Wednesday, March 14, 2012

Mulcair tops endorsement rankings

For the first time in the NDP leadership campaign, Brian Topp has dropped from the first position in the endorsement rankings. He has given up the spot to Thomas Mulcair, who landed a slew of endorsements this past week from British Columbia, Manitoba, Ontario, and Quebec.
The most newsworthy and valuable endorsement for Thomas Mulcair came from Roméo Saganash, MP for Abitibi--Baie-James--Nunavik--Eeyou and former leadership candidate. However, his endorsement is not as valuable as it might have been - all of his former endorsers have gone elsewhere. And it is interesting to note that a lot of Saganash's team went over to the Paul Dewar camp.

Mulcair also received the endorsement of three former Ontario MPs: Neil Young, Iain Angus, and Ian Deans. They were joined by former British Columbia MPs Ian Waddell and Nelson Riis and former Manitoba MP Douglas Rowland.

Nicholas Simons, an NDP MLA from British Columbia, also endorsed Mulcair.

The International Brotherhood of Electrical Workers Local 353 and the Retail, Wholesale, and Department Store Union of Canada gave Mulcair their labour support this past week. I have been unable to determine the size of IBEW Local 353, but RWDSU Canada (which is affiliated with the UFCW, also endorsing Mulcair) has 12,500 members.

Peggy Nash received the endorsement of two British Columbia MLAs, Shane Simpson and Spencer Chandra Herbert. They are her first supporters from the B.C. NDP's provincial caucus.

Brian Topp also received the endorsement of two MLAs: Jim Morton from Nova Scotia and Christine Melnick, Immigration Minister in Greg Selinger's Manitoba government.

(Click here to learn more about the endorsement system and here for how the points are awarded. And, as always, you can right-click the list of endorsers and open in a new tab or window to magnify it.)

Thomas Mulcair gained 16.9 endorsement points this week, putting him at 229.2 overall and now 8.4 points ahead of Brian Topp, who has moved from first to second. Mulcair gained 1.4 percentage points and now leads with 27.9% of all endorsement points, his highest share of the campaign to date.

At 26.9%, Brian Topp is at his lowest point of the campaign. Though he did gain one endorsement point, he dropped 0.5 percentage points.

Peggy Nash gained two endorsement points but in the face of Mulcair's huge gain she dropped 0.3 percentage points to 23.9%.

Paul Dewar, Nathan Cullen, Niki Ashton, and Martin Singh did not land any new endorsements that were recorded by the rankings. Dewar has accordingly fallen 0.3 percentage points to 13.2%, while Cullen and Ashton fell 0.1 point each to 5.2% and 3.0%, respectively.

Does this mean that Brian Topp is no longer the establishment candidate? It is difficult to call Mulcair the anti-establishment candidate when he has racked up so many endorsements. He has the support of 43 caucus members (though only five of them are not rookies, no candidate has more than five "veteran" caucus endorsers), 11 provincial legislators, six current or former provincial party leaders, and 14 former MPs. His endorsements may not all have the cachet of an Ed Broadbent or a Roy Romanow, but he has lined up both newcomers and party elders to an impressive degree.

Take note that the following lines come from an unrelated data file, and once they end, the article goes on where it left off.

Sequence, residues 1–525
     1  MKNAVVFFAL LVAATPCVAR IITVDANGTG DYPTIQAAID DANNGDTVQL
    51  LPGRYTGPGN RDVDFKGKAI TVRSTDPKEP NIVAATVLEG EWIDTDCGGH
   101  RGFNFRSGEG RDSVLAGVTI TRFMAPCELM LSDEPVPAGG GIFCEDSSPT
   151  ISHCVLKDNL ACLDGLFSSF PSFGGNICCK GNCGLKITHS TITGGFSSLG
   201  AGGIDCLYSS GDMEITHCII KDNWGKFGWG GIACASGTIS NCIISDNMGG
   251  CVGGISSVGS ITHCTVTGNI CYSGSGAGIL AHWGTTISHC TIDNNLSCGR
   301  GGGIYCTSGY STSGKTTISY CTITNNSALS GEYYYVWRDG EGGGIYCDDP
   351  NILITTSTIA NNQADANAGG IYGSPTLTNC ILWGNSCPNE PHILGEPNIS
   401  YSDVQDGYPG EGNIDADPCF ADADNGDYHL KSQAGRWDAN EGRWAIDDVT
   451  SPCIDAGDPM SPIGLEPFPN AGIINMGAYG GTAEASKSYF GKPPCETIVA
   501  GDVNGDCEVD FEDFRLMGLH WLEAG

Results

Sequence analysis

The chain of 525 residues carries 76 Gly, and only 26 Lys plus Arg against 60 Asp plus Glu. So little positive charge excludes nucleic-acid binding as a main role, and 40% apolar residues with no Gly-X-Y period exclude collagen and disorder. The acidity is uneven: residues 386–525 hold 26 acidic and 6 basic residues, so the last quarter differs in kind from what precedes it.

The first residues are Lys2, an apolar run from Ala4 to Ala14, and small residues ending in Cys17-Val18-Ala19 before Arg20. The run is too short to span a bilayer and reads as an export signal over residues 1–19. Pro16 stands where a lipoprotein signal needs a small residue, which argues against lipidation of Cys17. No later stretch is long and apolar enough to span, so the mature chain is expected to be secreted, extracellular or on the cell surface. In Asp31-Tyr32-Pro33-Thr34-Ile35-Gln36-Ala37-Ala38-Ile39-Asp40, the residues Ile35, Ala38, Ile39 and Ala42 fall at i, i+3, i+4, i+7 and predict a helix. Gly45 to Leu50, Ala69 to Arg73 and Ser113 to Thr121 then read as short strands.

Of course, quality and quantity are two different things, and this is what the endorsement rankings attempt to measure. Topp does have the support of a Broadbent and a Romanow, as well as veteran caucus members, two other former leaders and a pile of provincial legislators and former MPs, including many well-known names. From a sheer numbers point of view, Mulcair has more support from within the party establishment. But from an influence perspective, Topp gets the nod.

And then there is Peggy Nash, who has landed a great deal of labour support. Though Topp and Mulcair have also gotten support from labour, Nash has the longest list that includes some of the country's largest and most powerful unions. She also has a great deal of support from women within the party - 13 of her 20 individual endorsers recorded in my rankings are women, a higher proportion that any other candidate by a significant margin.

Paul Dewar has a smaller number of supporters but many of them are veterans and influential within the party. Nathan Cullen has a very short and very B.C. list of endorsers, but the province has more members than any other in the country and Cullen appears to have the potential to be a real membership candidate. His establishment support is likely to turn out to be significantly smaller than his support within the rank-and-file.

This means that each candidate will have a solid chunk of first ballot votes, making the permutations of subsequent ballots difficult to predict. Will Cullen over- or under-achieve his now high expectations? Has Brian Topp been written off too early? Will Thomas Mulcair be able to attract enough second and third ballot support to put him over the 50% mark? What will be the names on the final ballot, and if it is going to be as close as some believe it will be, how important will candidate endorsements on the convention floor turn out to be? There may only be 10,000 or so ballots to cast on March 24 out of the 100,000+ expected to vote in the race, but they could make all the difference.